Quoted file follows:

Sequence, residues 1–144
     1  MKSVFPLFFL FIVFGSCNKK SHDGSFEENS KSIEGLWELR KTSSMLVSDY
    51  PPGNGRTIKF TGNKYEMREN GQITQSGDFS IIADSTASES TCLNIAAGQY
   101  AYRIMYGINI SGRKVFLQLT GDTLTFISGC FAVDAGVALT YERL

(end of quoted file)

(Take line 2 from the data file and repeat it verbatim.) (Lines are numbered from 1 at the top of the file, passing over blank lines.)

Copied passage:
     1  MKSVFPLFFL FIVFGSCNKK SHDGSFEENS KSIEGLWELR KTSSMLVSDY